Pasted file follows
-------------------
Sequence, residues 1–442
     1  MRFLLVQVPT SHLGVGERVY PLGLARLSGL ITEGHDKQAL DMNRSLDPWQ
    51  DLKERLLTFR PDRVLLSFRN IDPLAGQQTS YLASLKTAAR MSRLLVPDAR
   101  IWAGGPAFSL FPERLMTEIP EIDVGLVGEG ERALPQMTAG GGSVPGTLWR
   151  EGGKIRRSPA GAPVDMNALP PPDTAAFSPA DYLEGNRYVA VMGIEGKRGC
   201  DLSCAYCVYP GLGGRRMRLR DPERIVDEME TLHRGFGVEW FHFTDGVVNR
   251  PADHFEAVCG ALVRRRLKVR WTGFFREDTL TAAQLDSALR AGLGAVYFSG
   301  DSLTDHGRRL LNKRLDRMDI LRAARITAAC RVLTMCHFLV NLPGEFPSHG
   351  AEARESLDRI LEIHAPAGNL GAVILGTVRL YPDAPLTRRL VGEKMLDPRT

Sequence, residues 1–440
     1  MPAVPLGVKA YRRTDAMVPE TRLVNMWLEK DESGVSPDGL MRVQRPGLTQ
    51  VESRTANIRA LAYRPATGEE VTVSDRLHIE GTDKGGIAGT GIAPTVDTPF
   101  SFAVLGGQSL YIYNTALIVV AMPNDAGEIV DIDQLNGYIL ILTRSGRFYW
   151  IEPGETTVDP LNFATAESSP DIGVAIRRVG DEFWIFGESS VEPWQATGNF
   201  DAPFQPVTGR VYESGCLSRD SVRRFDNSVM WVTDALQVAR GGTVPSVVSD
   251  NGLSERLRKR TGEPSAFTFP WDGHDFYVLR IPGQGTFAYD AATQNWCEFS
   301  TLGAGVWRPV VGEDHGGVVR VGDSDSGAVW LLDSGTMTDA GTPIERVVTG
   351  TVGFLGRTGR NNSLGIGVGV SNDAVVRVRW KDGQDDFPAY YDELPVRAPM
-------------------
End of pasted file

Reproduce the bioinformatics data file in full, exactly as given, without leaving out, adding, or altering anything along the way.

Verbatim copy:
Sequence, residues 1–442
     1  MRFLLVQVPT SHLGVGERVY PLGLARLSGL ITEGHDKQAL DMNRSLDPWQ
    51  DLKERLLTFR PDRVLLSFRN IDPLAGQQTS YLASLKTAAR MSRLLVPDAR
   101  IWAGGPAFSL FPERLMTEIP EIDVGLVGEG ERALPQMTAG GGSVPGTLWR
   151  EGGKIRRSPA GAPVDMNALP PPDTAAFSPA DYLEGNRYVA VMGIEGKRGC
   201  DLSCAYCVYP GLGGRRMRLR DPERIVDEME TLHRGFGVEW FHFTDGVVNR
   251  PADHFEAVCG ALVRRRLKVR WTGFFREDTL TAAQLDSALR AGLGAVYFSG
   301  DSLTDHGRRL LNKRLDRMDI LRAARITAAC RVLTMCHFLV NLPGEFPSHG
   351  AEARESLDRI LEIHAPAGNL GAVILGTVRL YPDAPLTRRL VGEKMLDPRT

Sequence, residues 1–440
     1  MPAVPLGVKA YRRTDAMVPE TRLVNMWLEK DESGVSPDGL MRVQRPGLTQ
    51  VESRTANIRA LAYRPATGEE VTVSDRLHIE GTDKGGIAGT GIAPTVDTPF
   101  SFAVLGGQSL YIYNTALIVV AMPNDAGEIV DIDQLNGYIL ILTRSGRFYW
   151  IEPGETTVDP LNFATAESSP DIGVAIRRVG DEFWIFGESS VEPWQATGNF
   201  DAPFQPVTGR VYESGCLSRD SVRRFDNSVM WVTDALQVAR GGTVPSVVSD
   251  NGLSERLRKR TGEPSAFTFP WDGHDFYVLR IPGQGTFAYD AATQNWCEFS
   301  TLGAGVWRPV VGEDHGGVVR VGDSDSGAVW LLDSGTMTDA GTPIERVVTG
   351  TVGFLGRTGR NNSLGIGVGV SNDAVVRVRW KDGQDDFPAY YDELPVRAPM